Since May 15, when “indignados” camped in city squares across the country inspired by the so-called “Arab revolts,” they have engaged in a parallel strategy consisting of nonviolent civil disobedience aimed at denouncing the injustice of the political and economic system, together with a constructive program aimed at reaching out, educating and organizing the Spanish public in an attempt to gain critical mass.
Throughout this process, the “indignados” have attempted to present the government with proposals for change, which the government has done everything possible to ignore.
Even as recently as July 6, the then First Deputy Prime Minister — and now socialist candidate — Alfredo Pérez Rubalcaba refused to receive a document from the “indignados” highlighting their demands.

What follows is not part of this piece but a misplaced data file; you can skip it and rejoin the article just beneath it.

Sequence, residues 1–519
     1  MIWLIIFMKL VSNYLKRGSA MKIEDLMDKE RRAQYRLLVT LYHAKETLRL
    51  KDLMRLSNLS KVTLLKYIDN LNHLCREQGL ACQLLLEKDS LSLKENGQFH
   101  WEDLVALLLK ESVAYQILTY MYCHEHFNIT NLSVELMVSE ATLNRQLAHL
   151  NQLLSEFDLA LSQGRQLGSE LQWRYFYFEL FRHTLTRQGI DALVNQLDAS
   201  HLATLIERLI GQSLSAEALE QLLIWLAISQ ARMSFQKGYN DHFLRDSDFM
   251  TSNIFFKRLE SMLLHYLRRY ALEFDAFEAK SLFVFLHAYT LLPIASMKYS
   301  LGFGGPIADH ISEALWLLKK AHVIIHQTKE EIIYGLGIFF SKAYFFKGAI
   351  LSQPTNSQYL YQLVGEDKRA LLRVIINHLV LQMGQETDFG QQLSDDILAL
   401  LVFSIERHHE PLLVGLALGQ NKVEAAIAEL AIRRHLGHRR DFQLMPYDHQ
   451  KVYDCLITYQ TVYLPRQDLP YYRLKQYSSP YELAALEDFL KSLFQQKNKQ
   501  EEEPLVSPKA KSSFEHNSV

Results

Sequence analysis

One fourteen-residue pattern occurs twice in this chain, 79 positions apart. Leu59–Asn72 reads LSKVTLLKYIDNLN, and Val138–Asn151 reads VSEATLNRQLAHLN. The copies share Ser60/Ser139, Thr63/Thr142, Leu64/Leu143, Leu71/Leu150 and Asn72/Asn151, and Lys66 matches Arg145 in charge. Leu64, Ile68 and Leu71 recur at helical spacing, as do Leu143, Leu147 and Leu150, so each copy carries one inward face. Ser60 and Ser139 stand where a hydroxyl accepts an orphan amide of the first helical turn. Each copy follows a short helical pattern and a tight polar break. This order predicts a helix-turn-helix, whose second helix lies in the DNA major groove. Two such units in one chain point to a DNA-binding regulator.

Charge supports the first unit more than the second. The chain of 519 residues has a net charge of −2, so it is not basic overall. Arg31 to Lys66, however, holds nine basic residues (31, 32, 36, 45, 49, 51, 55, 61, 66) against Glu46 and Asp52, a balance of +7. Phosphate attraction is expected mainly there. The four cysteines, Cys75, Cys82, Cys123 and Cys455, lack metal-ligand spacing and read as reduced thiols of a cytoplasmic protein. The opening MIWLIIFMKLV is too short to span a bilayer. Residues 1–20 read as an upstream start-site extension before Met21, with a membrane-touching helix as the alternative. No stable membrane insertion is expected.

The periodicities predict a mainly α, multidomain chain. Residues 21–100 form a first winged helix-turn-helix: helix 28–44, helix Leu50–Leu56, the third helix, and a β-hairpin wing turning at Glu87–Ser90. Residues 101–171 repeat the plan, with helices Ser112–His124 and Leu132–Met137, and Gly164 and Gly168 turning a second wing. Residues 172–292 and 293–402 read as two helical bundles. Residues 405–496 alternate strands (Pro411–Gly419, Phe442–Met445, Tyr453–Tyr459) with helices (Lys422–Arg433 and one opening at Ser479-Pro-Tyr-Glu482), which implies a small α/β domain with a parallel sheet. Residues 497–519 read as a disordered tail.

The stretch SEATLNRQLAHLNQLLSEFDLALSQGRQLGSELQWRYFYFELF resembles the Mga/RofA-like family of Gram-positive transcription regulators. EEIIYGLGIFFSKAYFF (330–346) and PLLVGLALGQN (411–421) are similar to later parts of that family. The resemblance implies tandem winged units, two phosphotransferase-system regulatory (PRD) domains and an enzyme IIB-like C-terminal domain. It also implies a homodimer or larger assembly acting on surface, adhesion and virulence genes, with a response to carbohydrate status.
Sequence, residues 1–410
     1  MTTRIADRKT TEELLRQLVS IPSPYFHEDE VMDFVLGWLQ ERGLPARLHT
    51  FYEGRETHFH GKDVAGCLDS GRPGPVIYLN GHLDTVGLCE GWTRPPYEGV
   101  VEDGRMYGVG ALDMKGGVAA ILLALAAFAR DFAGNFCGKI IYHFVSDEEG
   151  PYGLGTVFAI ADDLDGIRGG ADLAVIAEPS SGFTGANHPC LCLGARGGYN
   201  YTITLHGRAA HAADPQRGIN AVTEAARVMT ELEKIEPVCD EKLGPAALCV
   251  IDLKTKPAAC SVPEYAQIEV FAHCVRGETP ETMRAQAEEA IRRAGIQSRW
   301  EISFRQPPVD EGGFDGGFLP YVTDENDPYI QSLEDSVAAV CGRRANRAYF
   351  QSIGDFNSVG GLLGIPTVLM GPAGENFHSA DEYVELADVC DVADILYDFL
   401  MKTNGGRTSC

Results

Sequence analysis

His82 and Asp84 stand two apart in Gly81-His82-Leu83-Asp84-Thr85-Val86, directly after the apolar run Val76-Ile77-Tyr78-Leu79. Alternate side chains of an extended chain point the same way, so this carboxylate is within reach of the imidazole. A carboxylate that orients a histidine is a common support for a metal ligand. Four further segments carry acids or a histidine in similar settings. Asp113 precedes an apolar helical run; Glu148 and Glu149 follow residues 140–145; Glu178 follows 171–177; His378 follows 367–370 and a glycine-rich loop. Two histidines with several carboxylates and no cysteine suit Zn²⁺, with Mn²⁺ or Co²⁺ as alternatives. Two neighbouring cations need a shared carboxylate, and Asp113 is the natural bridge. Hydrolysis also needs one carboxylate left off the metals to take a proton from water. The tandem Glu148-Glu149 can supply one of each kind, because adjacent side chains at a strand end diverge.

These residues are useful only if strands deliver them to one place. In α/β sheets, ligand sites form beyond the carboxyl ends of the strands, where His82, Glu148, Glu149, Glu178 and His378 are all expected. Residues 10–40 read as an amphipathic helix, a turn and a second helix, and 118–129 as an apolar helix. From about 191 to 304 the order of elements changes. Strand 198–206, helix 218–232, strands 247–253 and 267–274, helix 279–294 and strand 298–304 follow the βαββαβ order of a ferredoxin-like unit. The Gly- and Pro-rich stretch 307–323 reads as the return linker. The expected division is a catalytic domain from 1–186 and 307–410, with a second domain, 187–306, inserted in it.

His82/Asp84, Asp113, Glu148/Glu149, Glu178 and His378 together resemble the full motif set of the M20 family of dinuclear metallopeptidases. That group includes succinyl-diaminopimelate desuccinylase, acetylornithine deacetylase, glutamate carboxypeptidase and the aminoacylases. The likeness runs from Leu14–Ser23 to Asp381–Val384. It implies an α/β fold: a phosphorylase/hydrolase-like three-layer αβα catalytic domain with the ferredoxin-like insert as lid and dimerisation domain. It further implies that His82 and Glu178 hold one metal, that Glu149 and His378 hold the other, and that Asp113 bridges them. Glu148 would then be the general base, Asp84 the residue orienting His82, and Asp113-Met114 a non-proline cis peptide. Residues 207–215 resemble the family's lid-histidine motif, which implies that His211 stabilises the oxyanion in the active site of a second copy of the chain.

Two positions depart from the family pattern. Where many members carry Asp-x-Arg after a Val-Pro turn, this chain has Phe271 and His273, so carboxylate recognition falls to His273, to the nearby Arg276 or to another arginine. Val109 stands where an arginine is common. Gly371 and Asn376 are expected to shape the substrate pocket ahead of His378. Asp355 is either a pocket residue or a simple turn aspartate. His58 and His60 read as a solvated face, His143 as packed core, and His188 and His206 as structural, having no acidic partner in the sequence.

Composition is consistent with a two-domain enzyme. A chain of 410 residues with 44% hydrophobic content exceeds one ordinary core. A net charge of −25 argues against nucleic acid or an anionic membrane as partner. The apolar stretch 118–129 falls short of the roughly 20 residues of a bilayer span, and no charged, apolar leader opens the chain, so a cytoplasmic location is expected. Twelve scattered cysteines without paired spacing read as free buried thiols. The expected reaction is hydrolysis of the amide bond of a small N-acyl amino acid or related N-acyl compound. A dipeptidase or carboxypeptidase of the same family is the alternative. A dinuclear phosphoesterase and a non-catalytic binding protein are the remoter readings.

These past months, “indignados” in every major city of Spain have endured police charges, evictions from city squares, beatings and arrests; yet, the movement has remained persistent, creative and engaged.
Across the country, “indignados” have organized and made decisions collectively through popular assemblies organized in city squares; they have stopped families from being evicted from repossessed homes: they have stopped the police from arresting ‘illegal’ immigrants in poor neighborhoods; they have attempted to stop the closing of public hospitals following drastic public spending cuts: and they have organized neighborhood committees aimed at rebuilding the social fabric destroyed by the last two decades of rampant neo-liberal economics.